There have been some reports that there are now more corporate VCs in the market than traditional venture firms. Using CB Insights data, we tested this by scanning active U.S. VC and corporate venture arms over the past four years.
The reality is that there are, in fact, significantly more pure-play VCs than corporate venture arms. In fact, even if you included corporations making investments in startups who don’t have a separately delineated corporate venture unit, financial VCs still greatly outnumber corporate investors.
The data below.
The chart below compares the number of U.S.-based venture capital investors that completed at least four deals vs. corporates since the start of 2010. While there have been an increasing number of active corporate investors over the period (38% growth between 2010 and 2013), the number of active VCs has also risen – driven by multi-stage investors doing more deals at the seed stage and the rising number of micro VCs.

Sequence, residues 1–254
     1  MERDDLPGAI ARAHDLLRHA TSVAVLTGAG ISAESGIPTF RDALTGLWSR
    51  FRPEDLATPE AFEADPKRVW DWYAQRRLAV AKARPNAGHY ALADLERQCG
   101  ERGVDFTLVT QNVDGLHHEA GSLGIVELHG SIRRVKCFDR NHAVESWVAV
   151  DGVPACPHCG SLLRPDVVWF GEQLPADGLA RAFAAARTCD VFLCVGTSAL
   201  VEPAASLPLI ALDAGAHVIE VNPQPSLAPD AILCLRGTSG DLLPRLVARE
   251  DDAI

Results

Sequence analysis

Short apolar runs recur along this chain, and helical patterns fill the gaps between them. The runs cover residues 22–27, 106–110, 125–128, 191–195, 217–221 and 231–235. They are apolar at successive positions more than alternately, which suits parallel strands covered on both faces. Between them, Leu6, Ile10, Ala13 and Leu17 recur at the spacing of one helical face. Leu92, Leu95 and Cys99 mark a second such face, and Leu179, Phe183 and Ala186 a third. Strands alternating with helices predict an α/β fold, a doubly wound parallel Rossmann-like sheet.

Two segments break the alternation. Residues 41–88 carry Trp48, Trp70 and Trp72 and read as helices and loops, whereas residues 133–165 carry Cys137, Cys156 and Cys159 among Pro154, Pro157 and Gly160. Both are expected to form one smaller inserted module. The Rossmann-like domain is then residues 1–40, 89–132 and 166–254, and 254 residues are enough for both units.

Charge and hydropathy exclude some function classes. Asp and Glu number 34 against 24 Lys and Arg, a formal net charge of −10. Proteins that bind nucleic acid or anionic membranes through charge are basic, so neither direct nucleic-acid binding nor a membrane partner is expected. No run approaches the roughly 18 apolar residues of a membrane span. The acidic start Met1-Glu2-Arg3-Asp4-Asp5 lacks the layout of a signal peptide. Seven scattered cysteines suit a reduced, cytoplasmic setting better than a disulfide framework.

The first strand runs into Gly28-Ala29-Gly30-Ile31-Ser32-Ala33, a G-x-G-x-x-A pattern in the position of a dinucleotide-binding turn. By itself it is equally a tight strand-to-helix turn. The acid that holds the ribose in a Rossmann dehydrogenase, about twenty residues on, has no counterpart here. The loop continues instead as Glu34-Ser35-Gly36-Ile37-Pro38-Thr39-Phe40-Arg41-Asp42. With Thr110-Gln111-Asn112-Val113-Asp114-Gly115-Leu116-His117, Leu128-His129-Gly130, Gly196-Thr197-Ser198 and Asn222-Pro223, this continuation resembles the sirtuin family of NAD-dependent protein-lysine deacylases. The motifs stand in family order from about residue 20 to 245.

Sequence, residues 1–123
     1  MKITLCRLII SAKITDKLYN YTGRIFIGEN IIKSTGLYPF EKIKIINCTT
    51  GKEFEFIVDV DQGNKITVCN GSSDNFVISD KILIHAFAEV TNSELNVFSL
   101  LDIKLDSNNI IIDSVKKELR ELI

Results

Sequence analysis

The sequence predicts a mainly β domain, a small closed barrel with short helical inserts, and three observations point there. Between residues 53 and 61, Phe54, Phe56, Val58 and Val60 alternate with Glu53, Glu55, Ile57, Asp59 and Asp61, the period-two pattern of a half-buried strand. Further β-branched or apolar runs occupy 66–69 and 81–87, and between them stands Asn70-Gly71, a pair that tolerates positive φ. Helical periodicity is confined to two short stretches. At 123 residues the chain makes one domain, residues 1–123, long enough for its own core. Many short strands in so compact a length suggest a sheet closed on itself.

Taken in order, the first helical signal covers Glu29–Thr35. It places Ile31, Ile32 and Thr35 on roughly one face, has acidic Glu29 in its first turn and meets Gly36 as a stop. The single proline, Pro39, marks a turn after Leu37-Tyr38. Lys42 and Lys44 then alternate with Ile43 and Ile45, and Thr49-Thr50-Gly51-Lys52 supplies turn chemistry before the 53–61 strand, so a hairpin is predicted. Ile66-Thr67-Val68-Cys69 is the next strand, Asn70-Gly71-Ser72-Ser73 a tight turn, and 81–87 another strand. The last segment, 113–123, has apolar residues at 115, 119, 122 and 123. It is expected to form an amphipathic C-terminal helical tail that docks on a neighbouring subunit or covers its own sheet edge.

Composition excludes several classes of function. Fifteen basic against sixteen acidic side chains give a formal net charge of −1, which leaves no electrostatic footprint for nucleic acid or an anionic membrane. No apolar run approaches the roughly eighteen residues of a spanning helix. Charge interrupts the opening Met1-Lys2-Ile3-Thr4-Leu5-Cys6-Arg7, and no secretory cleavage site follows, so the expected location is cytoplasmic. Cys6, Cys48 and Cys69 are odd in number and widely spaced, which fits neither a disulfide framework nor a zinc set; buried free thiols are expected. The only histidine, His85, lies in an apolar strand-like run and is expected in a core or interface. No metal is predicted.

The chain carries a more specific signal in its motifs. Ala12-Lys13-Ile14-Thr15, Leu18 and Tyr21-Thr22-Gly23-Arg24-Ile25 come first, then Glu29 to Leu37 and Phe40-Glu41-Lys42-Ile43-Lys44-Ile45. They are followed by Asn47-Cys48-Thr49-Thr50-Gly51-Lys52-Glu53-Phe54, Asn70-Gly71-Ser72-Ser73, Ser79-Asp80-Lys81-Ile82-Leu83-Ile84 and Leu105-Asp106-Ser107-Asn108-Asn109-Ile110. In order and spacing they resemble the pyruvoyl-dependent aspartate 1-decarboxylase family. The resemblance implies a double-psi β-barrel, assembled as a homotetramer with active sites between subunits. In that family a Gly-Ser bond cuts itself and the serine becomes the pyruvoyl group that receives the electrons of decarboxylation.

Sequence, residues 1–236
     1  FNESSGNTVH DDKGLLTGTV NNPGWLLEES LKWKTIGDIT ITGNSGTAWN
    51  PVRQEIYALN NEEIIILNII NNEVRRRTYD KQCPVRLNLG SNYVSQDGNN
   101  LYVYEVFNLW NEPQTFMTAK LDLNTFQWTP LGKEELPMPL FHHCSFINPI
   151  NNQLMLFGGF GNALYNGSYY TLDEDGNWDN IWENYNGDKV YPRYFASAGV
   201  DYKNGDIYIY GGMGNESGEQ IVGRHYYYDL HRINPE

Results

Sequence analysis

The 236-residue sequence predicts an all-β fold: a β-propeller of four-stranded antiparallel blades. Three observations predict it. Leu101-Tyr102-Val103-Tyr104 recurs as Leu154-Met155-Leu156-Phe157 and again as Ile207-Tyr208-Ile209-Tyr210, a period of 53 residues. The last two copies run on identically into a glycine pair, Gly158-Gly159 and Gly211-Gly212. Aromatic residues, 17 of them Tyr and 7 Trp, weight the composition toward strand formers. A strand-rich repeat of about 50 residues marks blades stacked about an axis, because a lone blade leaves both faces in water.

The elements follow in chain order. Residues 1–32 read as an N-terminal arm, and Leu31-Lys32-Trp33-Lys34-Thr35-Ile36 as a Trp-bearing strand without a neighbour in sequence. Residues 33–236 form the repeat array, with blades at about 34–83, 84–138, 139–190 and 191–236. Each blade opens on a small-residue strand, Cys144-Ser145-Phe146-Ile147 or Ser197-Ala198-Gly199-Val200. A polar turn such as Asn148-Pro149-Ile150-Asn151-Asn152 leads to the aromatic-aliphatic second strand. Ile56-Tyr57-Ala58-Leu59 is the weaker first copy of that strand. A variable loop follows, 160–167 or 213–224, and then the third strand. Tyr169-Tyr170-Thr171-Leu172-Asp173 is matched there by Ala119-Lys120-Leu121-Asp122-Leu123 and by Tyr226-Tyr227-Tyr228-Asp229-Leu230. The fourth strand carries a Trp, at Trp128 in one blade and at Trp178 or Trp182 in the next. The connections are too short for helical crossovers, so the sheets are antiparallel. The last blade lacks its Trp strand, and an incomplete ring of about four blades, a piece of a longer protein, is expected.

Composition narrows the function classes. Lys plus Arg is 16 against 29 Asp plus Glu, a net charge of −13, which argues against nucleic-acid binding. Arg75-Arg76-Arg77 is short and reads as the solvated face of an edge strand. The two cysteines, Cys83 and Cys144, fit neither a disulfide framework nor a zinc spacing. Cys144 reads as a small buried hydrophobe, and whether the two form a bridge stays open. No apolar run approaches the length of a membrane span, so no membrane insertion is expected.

Even if we change the definition of ‘active’ VC and corporate VC investors to those who make at least one investment per year, the number of VC investors still dominates corporates. In fact, 2013 saw 169% more U.S. VCs make an investment than corporates.
While the data dispels any paradigm shift in the VC vs. corporate venture ecosystem, the rise of corporates in VC is still notable whether at the seed-stage or the largest financings and into the billion-dollar valuation club.
All of the underlying investor data used in this research brief is on the CB Insights Venture Capital Database.
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